• Cover crop mixes were extremely popular. Of 1,233 respondents who answered a question about planting mixes in 2014 or 2015, 67 percent said they had or would. Cover crop mixes of four or more species were most popular, representing 62,255 acres (26.3 percent) of respondents’ land in 2014 and projected to increase by 31 percent to cover 81,685 acres in 2015.
  • The most popular source of cover crop seed among 1,360 cover crop users was “company specializing in cover crop seed sales,” at 36 percent of farmer respondents, followed by “ag input retailers” at 31 percent of farmer respondents. Less common sources were “commodity crop seed dealers” with 13 percent, “another farmer” with 12 percent, and “other” with 9 percent. This year was the first time the survey addressed questions about sourcing for cover crop seed, and these results can help predict buying behavior and business opportunities for cover crop seed specialists moving forward.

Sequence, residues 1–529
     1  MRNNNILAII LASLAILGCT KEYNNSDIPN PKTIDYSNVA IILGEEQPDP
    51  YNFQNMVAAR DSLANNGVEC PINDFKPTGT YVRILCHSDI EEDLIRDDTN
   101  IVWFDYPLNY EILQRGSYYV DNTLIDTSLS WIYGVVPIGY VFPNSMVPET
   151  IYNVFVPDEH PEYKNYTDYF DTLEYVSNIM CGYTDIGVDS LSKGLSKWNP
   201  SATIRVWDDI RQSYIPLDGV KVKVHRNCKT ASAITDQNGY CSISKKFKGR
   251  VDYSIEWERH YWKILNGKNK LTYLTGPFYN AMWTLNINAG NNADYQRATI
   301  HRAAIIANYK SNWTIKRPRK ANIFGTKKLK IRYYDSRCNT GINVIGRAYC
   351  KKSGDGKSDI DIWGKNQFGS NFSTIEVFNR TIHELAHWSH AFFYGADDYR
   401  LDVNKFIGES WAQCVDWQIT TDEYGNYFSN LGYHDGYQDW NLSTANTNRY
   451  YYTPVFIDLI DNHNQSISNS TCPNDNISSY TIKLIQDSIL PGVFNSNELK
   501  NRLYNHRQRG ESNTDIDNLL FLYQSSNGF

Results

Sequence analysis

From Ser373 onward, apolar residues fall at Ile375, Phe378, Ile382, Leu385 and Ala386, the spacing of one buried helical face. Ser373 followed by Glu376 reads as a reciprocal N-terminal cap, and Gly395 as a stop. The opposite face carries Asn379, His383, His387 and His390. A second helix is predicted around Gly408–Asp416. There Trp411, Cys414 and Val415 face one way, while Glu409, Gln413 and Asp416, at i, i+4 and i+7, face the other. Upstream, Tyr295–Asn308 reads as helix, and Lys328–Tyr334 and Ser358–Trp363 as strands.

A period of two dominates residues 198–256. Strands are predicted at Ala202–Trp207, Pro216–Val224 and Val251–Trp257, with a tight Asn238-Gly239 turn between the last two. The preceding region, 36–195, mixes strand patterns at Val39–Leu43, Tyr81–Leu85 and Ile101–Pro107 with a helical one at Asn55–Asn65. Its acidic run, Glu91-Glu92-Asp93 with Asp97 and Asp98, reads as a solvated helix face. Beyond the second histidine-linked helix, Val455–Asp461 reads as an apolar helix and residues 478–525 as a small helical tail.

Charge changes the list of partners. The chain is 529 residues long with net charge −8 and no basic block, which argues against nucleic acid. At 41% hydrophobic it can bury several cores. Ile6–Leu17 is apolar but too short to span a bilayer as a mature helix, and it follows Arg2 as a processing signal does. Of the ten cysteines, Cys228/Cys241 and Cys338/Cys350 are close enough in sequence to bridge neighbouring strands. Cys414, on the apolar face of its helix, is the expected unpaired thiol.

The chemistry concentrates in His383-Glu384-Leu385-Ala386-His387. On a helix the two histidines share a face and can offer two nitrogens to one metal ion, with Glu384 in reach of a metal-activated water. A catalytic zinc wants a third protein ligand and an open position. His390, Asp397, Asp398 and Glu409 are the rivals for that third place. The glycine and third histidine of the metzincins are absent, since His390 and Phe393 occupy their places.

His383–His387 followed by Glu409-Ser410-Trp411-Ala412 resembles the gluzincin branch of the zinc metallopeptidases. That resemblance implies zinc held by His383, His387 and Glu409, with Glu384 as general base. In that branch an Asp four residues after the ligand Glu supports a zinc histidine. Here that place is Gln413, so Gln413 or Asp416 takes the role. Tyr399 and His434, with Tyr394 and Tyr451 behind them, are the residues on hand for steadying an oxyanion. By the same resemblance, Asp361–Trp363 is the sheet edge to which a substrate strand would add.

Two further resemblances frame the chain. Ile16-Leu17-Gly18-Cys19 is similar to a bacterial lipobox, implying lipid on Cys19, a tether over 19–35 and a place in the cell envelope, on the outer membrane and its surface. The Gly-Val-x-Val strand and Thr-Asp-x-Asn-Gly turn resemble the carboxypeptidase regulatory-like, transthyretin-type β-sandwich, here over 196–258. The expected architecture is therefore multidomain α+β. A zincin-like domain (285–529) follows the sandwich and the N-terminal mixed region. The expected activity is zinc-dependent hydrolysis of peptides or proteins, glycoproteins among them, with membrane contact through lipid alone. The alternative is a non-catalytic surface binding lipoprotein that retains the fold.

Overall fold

• The large majority of respondents are very conscious about the quality of their cover crop seed, seen from the results of the survey question regarding which information on cover crop seed tags was most important. Germination rate led the list with 30 percent; noxious weed content at 29 percent; and purity at 28 percent. Only 9 percent said they do not consider the information on the seed tag.
  • Row crop producers identified herbicide as their primary cover crop termination method, at 59 percent of the 934 respondents. Non-chemical means of cover crop termination are more popular amongst vegetable/horticulture crop producers, with nearly half – 49 percent of 269 farmers who answered the question – employing tillage as the primary means of termination.